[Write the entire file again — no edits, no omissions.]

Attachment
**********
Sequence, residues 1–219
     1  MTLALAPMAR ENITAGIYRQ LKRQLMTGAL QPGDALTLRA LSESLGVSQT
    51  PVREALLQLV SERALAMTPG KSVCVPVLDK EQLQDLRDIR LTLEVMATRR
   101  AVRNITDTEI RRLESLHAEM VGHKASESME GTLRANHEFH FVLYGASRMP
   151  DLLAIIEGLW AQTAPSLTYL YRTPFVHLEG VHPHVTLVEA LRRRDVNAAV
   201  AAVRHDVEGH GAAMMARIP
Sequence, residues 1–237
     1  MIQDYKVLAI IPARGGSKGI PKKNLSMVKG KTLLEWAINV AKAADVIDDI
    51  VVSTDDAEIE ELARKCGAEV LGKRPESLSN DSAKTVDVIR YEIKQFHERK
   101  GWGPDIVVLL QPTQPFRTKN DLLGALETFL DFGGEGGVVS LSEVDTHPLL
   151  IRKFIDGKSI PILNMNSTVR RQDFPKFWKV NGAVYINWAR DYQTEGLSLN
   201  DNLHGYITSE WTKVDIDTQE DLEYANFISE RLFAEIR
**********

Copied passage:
Sequence, residues 1–219
     1  MTLALAPMAR ENITAGIYRQ LKRQLMTGAL QPGDALTLRA LSESLGVSQT
    51  PVREALLQLV SERALAMTPG KSVCVPVLDK EQLQDLRDIR LTLEVMATRR
   101  AVRNITDTEI RRLESLHAEM VGHKASESME GTLRANHEFH FVLYGASRMP
   151  DLLAIIEGLW AQTAPSLTYL YRTPFVHLEG VHPHVTLVEA LRRRDVNAAV
   201  AAVRHDVEGH GAAMMARIP
Sequence, residues 1–237
     1  MIQDYKVLAI IPARGGSKGI PKKNLSMVKG KTLLEWAINV AKAADVIDDI
    51  VVSTDDAEIE ELARKCGAEV LGKRPESLSN DSAKTVDVIR YEIKQFHERK
   101  GWGPDIVVLL QPTQPFRTKN DLLGALETFL DFGGEGGVVS LSEVDTHPLL
   151  IRKFIDGKSI PILNMNSTVR RQDFPKFWKV NGAVYINWAR DYQTEGLSLN
   201  DNLHGYITSE WTKVDIDTQE DLEYANFISE RLFAEIR